We have been hearing a lot about the opioid epidemic that is making waves across the nation. The Center for Disease Control reported that over 47,000 people died in the United States alone from an opiate overdose in 2017, that is almost 5 times the amount of deaths caused by opiates in 1999. This is important, and yes it’s great that it’s attention that it deserves, but, in the same year, an estimated 88,000 people died from alcohol related causes — Did anyone hear about that? No, not really. Maybe it’s because alcohol is such a regular part of our lives? Not to say that it’s a bad thing, but there’s something we need to talk about.
Did you know that alcohol is the third leading cause of preventable death in the United States? The first is tobacco and the second is poor diet and minimal physical activity. It would be interesting to look up the statistics on other countries as well, but for now we will just focus in on America. Given these stats, why aren’t we talking about it? And why don’t we see warning labels on alcoholic beverages like we do on other substances? Why are we promoting such a harmful substance? We certainly don’t see huge billboards with people in bikinis popping oxycontin or injecting heroin, because we are well aware that these substances are addictive and can cause harm, so again, why are we openly promoting alcohol? Especially to young people?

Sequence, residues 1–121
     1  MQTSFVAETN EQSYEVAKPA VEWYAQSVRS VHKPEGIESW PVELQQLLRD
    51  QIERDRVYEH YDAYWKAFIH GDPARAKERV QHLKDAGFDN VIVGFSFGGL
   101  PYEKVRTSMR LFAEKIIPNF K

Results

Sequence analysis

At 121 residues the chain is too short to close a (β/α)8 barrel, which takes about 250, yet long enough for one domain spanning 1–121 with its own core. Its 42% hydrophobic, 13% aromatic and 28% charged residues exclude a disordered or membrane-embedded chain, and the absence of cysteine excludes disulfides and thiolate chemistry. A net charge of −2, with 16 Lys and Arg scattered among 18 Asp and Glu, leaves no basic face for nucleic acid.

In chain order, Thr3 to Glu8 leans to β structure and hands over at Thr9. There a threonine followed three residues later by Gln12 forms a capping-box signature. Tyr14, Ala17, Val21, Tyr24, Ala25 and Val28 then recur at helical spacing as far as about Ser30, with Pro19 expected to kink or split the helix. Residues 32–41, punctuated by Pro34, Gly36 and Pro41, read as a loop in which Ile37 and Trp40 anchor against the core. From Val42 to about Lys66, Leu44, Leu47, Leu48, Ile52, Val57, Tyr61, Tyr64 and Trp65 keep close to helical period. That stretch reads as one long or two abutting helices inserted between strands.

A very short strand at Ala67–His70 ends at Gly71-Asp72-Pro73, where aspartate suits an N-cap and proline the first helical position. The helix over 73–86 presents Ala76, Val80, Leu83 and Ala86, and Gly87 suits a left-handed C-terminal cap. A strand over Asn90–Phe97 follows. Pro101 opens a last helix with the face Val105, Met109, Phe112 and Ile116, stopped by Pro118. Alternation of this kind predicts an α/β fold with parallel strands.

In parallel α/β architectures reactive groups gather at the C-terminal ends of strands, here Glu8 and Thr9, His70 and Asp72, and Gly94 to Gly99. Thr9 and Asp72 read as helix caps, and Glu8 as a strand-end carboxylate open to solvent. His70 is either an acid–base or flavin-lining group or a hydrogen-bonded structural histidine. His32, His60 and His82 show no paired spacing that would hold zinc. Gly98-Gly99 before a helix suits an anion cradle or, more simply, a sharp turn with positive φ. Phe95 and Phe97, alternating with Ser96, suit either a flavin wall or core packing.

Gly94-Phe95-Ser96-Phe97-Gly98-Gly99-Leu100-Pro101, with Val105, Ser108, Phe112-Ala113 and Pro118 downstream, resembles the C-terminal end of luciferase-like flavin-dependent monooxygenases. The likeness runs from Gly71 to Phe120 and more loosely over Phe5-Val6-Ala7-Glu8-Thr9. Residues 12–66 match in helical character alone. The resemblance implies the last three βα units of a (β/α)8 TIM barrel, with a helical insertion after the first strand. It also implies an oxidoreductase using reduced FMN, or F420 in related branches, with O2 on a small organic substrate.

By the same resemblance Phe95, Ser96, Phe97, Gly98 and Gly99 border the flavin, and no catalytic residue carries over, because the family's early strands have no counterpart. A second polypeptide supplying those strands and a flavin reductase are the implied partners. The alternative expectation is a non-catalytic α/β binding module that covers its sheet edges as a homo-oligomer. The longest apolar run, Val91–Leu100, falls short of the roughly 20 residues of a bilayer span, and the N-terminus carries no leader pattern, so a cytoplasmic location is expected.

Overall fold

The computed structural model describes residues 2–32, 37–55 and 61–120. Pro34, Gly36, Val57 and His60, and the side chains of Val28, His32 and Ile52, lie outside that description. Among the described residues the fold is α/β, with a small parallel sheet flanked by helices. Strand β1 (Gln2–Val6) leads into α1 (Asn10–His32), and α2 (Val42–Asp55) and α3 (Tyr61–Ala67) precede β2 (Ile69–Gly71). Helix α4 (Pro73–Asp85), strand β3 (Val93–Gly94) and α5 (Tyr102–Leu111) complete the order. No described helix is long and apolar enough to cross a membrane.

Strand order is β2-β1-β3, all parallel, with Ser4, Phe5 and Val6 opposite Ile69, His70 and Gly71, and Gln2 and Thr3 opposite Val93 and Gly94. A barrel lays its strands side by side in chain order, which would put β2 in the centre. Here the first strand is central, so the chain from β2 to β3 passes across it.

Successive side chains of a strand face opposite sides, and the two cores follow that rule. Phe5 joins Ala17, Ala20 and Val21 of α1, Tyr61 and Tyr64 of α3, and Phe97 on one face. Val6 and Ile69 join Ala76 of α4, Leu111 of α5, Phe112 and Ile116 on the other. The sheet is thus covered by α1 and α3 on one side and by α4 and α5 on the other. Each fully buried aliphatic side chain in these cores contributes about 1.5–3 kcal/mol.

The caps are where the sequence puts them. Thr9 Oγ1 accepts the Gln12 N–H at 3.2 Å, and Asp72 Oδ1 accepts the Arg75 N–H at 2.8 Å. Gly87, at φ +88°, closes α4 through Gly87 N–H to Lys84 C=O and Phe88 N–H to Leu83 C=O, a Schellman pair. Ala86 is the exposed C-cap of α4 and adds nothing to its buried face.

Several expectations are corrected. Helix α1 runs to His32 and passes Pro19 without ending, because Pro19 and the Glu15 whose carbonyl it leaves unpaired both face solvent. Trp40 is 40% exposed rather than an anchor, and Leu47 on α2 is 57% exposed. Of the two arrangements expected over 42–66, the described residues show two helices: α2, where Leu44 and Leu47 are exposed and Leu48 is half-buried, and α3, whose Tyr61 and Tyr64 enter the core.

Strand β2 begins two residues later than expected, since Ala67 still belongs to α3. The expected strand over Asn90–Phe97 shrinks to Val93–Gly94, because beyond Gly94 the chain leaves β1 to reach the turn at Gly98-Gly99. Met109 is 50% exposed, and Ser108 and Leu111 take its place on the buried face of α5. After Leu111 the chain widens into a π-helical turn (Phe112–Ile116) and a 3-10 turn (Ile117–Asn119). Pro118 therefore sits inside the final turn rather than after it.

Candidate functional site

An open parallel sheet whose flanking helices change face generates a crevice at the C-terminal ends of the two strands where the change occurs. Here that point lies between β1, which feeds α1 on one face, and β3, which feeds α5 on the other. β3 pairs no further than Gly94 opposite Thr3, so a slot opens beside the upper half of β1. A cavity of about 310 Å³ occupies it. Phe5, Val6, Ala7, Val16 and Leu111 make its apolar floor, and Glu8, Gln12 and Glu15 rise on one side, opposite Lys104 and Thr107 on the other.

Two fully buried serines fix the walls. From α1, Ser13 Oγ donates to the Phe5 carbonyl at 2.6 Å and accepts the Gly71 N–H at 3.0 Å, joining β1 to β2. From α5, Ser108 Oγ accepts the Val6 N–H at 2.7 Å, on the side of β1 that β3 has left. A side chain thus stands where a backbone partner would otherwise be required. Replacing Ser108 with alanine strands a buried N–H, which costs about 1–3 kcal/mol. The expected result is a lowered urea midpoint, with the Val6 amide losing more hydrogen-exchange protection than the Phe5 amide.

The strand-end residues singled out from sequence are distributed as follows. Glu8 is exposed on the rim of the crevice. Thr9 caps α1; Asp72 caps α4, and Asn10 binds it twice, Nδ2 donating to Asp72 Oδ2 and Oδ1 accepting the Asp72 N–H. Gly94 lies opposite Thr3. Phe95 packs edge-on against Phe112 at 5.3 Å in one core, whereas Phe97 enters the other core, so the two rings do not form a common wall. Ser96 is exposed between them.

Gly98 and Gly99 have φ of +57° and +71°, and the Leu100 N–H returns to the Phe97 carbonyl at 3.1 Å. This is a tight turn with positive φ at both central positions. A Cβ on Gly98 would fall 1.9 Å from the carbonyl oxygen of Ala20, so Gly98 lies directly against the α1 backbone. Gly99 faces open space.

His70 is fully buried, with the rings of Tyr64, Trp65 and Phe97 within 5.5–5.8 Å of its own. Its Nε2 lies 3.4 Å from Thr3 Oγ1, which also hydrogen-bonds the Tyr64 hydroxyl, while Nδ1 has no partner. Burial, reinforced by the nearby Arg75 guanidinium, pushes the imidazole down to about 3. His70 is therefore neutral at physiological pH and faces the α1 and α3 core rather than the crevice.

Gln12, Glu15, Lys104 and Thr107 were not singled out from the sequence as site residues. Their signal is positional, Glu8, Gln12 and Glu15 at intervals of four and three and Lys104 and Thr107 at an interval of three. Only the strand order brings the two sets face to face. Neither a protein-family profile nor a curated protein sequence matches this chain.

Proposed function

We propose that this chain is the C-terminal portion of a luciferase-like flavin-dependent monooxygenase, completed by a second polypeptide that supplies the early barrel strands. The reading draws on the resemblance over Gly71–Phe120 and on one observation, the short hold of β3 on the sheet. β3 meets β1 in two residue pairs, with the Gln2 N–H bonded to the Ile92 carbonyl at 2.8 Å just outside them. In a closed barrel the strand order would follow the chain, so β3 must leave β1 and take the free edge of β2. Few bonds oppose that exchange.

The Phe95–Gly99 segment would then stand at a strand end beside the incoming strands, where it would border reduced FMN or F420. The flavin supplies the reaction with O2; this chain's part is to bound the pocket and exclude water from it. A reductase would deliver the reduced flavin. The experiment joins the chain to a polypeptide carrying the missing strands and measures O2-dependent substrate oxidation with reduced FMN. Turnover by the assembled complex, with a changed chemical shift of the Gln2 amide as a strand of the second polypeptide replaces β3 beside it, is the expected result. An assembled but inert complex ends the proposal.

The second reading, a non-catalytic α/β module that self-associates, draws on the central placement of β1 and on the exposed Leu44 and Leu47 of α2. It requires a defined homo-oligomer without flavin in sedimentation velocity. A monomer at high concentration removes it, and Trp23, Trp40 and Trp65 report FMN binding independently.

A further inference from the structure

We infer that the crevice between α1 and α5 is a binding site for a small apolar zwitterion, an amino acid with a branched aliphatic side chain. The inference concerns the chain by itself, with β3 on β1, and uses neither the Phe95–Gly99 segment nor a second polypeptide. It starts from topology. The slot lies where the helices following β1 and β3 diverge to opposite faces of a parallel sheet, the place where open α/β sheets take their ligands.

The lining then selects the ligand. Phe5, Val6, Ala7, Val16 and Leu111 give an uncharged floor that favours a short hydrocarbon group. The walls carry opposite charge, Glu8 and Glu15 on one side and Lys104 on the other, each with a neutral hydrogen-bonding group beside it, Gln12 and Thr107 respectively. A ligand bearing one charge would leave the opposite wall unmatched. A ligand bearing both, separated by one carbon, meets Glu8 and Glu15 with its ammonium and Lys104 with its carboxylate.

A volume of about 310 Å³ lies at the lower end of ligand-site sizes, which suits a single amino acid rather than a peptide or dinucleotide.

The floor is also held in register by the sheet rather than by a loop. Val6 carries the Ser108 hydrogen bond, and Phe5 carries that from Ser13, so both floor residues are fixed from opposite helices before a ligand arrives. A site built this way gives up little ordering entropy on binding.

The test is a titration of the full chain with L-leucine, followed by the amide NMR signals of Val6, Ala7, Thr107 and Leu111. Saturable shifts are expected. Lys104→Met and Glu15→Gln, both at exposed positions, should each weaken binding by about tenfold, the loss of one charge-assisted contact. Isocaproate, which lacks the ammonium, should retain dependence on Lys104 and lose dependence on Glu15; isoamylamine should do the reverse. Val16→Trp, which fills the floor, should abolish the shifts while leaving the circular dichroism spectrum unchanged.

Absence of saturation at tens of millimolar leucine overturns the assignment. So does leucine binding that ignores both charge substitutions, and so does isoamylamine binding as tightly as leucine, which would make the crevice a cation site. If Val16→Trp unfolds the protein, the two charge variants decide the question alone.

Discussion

Information like this can be quite helpful, especially people who have a drinking issue and would like to cut down. Most of the time, many of these people don’t really see an issue with alcohol, but at the end of the day, it’s just not a healthy habit.
Is it possible that alcohol related deaths do not garner as much of a cause for concern because it is legal, easily available and socially acceptable? After all, alcohol sales reached $253.8 billion in the US in 2018 — this might also have something to do with it. Something to think about…
There is no doubt about it, the use of alcohol is deeply ingrained in our culture. So much so, that choosing not to drink is often the more odd thing to do. People will always ask, oh, how come you’re not drinking? As opposed to other drugs, people won’t typically ask, oh why aren’t you smoking meth tonight? Or whatever it may be.
Binge drinking is practically expected on the weekends, and for many people it is a way to unwind, let loose and have fun after a long workweek. Many people justify their consumption this way insisting that it’s fine, because, I don’t drink every day. The thing about alcohol abuse is that it doesn’t have to be every day to be considered a problem or for the person to be considered an alcoholic. (source)
Something to think about if you’re a health conscious individual…